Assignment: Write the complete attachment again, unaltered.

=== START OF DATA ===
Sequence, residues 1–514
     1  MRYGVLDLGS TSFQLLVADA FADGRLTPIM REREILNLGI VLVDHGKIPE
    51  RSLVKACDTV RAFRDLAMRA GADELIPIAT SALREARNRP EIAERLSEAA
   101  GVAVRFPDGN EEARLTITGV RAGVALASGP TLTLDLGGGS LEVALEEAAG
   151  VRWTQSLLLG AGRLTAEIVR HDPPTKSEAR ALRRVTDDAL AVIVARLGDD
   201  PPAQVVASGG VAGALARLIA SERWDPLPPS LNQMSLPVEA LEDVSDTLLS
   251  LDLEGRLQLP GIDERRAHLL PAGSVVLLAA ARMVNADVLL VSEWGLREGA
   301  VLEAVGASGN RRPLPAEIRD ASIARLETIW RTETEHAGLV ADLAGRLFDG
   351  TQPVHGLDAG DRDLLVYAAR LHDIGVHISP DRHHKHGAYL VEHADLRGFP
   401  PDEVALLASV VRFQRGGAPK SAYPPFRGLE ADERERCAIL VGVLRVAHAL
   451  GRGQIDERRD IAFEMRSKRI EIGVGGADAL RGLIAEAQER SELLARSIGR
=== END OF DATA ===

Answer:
Sequence, residues 1–514
     1  MRYGVLDLGS TSFQLLVADA FADGRLTPIM REREILNLGI VLVDHGKIPE
    51  RSLVKACDTV RAFRDLAMRA GADELIPIAT SALREARNRP EIAERLSEAA
   101  GVAVRFPDGN EEARLTITGV RAGVALASGP TLTLDLGGGS LEVALEEAAG
   151  VRWTQSLLLG AGRLTAEIVR HDPPTKSEAR ALRRVTDDAL AVIVARLGDD
   201  PPAQVVASGG VAGALARLIA SERWDPLPPS LNQMSLPVEA LEDVSDTLLS
   251  LDLEGRLQLP GIDERRAHLL PAGSVVLLAA ARMVNADVLL VSEWGLREGA
   301  VLEAVGASGN RRPLPAEIRD ASIARLETIW RTETEHAGLV ADLAGRLFDG
   351  TQPVHGLDAG DRDLLVYAAR LHDIGVHISP DRHHKHGAYL VEHADLRGFP
   401  PDEVALLASV VRFQRGGAPK SAYPPFRGLE ADERERCAIL VGVLRVAHAL
   451  GRGQIDERRD IAFEMRSKRI EIGVGGADAL RGLIAEAQER SELLARSIGR